City taxis win incentive for fast arrival Order is designed to improve response time of city taxis.


People calling Baltimore city taxis will have to start paying an additional 75 cents starting Oct. 19 as part of an effort to improve the response time of city cabs.

Under the order issued by the state Public Service Commission, people who make a telephone request for a cab will pay an additional $1 along with the regular fare. Taxi customers now pay an addition 25 cents for that service.

However, if the taxi does not pick up the caller within 30 minutes of the scheduled arrival time, the driver does not get the extra $1. On the other side, a customer who calls a cab and then does not use it, will be charged $1. There is already a 50-cent penalty for such an action, but it was rarely collectible.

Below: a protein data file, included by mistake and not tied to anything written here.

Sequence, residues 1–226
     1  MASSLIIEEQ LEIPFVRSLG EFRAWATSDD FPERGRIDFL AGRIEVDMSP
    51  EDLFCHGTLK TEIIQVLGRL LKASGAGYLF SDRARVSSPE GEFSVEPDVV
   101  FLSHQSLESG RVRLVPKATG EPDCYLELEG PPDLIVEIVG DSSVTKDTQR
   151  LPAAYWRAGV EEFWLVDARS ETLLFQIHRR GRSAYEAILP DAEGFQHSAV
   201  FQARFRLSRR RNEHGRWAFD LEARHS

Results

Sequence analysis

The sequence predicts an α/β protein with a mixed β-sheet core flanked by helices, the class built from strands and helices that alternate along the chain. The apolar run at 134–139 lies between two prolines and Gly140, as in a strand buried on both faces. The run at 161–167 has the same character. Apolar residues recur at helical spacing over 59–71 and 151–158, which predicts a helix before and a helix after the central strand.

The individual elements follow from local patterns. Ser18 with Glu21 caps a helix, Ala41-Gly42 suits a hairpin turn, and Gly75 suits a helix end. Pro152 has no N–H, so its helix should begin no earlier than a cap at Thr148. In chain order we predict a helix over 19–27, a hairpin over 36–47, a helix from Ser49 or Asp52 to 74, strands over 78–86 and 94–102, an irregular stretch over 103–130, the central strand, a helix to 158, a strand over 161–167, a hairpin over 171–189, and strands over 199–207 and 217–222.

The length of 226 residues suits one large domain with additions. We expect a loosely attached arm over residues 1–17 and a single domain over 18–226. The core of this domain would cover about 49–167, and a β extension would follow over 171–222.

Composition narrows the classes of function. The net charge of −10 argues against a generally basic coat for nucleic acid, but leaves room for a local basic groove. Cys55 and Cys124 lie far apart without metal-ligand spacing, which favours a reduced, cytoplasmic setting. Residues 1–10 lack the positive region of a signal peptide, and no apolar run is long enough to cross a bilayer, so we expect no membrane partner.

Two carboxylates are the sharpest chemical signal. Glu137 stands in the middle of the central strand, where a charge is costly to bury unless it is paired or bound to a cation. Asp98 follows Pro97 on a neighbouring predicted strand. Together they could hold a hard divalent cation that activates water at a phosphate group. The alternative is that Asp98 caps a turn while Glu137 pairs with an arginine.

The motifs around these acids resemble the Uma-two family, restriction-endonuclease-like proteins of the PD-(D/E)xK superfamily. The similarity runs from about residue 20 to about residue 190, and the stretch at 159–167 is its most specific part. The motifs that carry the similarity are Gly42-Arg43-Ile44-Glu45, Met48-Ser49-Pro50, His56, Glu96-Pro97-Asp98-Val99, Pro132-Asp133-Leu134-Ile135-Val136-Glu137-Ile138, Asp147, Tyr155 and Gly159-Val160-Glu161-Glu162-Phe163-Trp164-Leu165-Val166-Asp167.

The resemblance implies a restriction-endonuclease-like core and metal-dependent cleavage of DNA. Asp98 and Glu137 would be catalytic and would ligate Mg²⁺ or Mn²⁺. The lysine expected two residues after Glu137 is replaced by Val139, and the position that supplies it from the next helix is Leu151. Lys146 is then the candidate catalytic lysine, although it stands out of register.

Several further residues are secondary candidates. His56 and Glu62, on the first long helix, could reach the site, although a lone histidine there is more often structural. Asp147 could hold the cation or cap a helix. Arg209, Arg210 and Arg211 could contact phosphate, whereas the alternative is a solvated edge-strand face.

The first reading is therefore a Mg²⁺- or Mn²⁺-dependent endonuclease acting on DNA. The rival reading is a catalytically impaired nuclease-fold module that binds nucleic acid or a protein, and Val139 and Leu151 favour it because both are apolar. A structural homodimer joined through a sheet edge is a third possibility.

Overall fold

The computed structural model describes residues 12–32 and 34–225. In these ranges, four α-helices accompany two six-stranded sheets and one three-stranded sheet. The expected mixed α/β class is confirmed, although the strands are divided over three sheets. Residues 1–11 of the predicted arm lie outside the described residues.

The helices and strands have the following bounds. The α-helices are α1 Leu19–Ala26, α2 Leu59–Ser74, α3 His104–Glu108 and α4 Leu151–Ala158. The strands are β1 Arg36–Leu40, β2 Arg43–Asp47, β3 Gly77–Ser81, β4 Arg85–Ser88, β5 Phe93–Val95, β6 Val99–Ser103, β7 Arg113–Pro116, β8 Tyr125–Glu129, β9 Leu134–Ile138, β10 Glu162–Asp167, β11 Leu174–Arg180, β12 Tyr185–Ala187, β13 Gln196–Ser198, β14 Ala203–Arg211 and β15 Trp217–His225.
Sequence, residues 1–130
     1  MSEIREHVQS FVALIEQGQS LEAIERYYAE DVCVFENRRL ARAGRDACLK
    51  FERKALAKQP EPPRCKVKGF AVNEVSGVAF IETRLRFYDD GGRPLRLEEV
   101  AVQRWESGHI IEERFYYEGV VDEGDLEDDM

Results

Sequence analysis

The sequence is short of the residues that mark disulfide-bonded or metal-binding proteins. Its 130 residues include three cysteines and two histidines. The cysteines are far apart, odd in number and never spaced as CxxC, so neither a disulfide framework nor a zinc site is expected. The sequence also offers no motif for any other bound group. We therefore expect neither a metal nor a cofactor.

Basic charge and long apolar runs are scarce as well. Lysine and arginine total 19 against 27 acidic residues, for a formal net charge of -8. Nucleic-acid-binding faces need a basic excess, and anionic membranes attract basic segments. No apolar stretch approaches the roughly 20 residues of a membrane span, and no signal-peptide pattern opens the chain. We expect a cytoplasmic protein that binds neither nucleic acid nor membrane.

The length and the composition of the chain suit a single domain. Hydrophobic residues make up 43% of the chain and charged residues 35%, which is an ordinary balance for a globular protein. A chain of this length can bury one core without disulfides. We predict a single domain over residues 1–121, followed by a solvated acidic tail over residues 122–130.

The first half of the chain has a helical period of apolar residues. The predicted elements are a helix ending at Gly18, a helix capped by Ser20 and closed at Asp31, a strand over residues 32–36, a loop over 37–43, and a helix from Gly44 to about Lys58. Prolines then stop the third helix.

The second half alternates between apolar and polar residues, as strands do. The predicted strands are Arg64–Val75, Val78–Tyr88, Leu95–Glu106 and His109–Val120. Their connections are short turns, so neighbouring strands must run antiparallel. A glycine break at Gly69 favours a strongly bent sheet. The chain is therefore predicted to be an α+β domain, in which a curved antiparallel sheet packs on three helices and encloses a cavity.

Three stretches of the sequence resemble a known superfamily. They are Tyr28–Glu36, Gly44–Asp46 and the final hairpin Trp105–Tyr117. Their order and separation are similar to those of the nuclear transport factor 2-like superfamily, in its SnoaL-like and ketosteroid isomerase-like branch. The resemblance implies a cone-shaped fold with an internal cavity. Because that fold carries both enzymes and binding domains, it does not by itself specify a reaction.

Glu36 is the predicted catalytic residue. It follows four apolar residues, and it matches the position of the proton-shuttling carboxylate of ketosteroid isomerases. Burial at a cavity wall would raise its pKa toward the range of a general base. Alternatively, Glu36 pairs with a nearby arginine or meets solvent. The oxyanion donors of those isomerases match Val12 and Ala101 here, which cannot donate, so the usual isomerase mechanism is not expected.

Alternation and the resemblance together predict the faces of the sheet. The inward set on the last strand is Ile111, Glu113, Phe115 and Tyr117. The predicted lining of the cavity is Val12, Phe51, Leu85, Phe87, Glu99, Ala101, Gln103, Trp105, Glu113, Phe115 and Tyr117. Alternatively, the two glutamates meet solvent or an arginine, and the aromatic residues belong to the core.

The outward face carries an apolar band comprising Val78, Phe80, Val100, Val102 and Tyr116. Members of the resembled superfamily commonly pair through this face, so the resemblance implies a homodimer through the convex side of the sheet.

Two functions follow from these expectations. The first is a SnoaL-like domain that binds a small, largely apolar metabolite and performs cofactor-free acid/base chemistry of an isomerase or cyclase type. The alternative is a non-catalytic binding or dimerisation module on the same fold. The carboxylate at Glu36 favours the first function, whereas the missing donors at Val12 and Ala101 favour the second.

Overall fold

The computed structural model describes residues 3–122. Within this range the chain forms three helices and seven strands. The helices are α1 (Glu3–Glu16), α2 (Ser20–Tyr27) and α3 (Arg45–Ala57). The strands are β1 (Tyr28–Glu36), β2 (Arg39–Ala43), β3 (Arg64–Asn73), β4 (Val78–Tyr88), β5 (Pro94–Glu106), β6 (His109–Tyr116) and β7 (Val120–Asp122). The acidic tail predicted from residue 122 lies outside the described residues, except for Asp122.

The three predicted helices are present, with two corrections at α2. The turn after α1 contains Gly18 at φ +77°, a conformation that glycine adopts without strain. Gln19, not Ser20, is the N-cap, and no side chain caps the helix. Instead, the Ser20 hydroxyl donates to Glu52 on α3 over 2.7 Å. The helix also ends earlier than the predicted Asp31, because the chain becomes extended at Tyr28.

"This is an historic decision," Mark Joseph, president of Yellow Transportation Group, the city's largest taxi company, said in a prepared statement. "We think that this approach provides the best chance to maximize service to the public because it is a market-driven system based upon financial incentives and disincentives and market forces," he said. Joseph estimated that drivers can make an extra $10 to $20 a day under the arrangement.

The new rate, which was approved Wednesday by PSC commissioner Claude M. Ligon, grew out of complaints about poor taxi response at earlier hearings on proposed taxi rate increases. The National Federation of the Blind, which is based in Baltimore, was particularly critical of the service, and pressed for a system of promoting timely service.

In May the Public Service Commission approved a 19 percent increase for taxi rates, but coupled it with a requirement that the taxi companies work out a plan with consumer groups for better service.

Unlike the former 50-cent penalty, the taxi companies will attempt to enforce the $1 fee for calling a cab and not using it. "Consumers need to understand that you can't order a taxicab to come to your house if you don't intend to use it, anymore than you would order four pizzas and expect to only pay for the first one that arrived," Joseph said.

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